Shaw has been repairing iPhones since he was 12, and this summer plans to set up his small business at a table outside of a local ice cream parlor. His repairs include fixing broken screens, microphones, and various other parts of both iPhones and iPads. Shaw's rates include a $189.99 repair cost to fix a broken screen on an iPhone 7 Plus.
On Nantucket, Mr. Shaw is the “go-to guy,” says Peter Bordes, executive chairman of a software company, oneQube, who got his phone fixed by Mr. Shaw last summer after a tip from a friend’s teenage daughter.In Lafayette, Louisiana 18-year-old Joseph Kokenge quit his job at a local bowling alley, which his father manages, after discovering how much money he could make fixing broken iPhones. He began learning how to repair Apple's smartphones watching his father repair a cracked iPhone 3GS, and then browsed YouTube how-to videos for more information.
“She said go to this place, and you’ll find him in this store,” Mr. Bordes says. “It’s like a mafia; they know who to go to.” The repair, he says, was “flawless.”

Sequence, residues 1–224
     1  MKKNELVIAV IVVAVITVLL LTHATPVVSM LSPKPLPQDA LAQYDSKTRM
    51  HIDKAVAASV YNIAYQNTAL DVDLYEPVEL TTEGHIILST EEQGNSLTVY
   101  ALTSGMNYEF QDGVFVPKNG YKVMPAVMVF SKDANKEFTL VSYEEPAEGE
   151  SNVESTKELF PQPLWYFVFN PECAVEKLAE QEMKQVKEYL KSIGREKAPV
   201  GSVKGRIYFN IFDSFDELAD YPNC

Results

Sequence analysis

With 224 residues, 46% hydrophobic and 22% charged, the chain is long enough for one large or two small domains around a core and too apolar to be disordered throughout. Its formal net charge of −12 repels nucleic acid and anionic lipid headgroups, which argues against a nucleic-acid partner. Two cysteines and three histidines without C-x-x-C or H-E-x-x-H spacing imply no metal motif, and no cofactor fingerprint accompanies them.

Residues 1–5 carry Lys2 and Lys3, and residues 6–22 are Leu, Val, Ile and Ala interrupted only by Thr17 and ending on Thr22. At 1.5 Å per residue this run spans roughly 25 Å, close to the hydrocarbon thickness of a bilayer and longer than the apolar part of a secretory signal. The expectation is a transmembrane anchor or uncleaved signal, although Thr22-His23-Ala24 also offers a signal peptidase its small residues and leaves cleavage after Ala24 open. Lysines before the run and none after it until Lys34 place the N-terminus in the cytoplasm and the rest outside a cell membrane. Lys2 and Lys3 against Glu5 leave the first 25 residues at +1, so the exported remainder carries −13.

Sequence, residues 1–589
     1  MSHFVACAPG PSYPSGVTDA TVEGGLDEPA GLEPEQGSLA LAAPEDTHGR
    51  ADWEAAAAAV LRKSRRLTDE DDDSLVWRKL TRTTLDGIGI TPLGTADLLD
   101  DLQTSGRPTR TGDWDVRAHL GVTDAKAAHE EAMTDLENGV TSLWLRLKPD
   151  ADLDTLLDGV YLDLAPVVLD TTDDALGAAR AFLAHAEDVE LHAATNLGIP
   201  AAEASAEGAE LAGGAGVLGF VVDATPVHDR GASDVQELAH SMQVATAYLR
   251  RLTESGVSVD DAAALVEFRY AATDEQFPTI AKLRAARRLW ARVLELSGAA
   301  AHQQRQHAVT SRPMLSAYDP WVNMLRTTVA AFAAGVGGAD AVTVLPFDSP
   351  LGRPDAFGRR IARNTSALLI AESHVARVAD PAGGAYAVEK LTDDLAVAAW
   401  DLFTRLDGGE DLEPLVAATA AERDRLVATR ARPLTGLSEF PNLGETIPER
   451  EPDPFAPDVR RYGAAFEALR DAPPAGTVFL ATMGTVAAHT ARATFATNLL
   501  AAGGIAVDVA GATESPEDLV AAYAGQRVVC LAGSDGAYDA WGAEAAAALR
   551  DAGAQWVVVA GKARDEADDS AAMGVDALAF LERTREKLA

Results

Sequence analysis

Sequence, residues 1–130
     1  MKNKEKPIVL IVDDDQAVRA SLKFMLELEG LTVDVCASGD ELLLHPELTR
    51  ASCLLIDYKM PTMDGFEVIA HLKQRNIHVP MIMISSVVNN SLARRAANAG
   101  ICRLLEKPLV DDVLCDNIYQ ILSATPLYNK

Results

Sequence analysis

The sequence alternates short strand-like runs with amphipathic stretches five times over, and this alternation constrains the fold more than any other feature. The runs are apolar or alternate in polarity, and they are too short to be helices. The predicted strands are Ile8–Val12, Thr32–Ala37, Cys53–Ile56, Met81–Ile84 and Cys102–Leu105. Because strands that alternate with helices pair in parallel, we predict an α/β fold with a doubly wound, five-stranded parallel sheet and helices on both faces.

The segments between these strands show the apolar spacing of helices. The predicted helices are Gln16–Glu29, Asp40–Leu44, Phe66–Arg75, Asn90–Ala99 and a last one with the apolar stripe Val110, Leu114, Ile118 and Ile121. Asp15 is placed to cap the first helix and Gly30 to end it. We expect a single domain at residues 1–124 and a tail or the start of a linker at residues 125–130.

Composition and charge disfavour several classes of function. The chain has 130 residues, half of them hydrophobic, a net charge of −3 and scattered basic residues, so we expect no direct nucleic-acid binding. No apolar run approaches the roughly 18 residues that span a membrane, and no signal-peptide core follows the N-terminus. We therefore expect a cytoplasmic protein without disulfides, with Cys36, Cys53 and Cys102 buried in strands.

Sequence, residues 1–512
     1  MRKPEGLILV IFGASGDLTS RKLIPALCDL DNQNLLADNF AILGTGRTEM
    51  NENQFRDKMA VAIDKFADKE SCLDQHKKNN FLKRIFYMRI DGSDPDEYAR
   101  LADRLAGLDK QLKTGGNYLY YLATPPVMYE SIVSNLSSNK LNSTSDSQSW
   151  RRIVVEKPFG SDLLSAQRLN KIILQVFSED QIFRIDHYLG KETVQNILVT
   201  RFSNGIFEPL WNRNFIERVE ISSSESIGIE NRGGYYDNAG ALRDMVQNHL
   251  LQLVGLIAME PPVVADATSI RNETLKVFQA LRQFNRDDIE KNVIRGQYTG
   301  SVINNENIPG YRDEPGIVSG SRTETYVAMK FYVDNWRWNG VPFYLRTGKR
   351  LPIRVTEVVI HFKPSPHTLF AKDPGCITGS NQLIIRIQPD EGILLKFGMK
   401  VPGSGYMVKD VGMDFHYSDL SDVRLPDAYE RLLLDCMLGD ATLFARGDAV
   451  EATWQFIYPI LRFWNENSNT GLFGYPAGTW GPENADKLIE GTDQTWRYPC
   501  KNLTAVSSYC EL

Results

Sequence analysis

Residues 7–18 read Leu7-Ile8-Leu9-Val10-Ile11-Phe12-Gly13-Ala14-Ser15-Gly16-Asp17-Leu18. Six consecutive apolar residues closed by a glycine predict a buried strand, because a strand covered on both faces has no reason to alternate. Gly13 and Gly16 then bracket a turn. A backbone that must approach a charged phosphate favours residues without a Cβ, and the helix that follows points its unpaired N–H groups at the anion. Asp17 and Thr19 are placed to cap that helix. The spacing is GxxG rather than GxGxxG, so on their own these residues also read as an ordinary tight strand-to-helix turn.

On average, Kokenge has charged $50 to fix the screens of iPhone 5 devices, and $200 for an iPhone 7 Plus, and he works on his repairs at a local coffee shop.
When a friend asked if his father could fix an iPhone 5, the teen watched YouTube how-to videos and repaired it himself. He soon earned a reputation at school, he says: “If a phone was broken, they knew to go to me.”Although AppleCare+ significantly reduces the cost of repairs, out-of-warranty repairs for screen damage made directly from Apple currently cost between $129 (iPhone 5 family) and $149 (iPhone 7 Plus). If any other damage is made to the device, the price jumps to between $269 and $349 for the same devices.
Word spread and parents, too, approached him. By senior year, he had quit his job at the bowling alley his father manages. “I told him that my time was worth more than $7.50 an hour,” he says. “He was proud that I was making more money on my own.”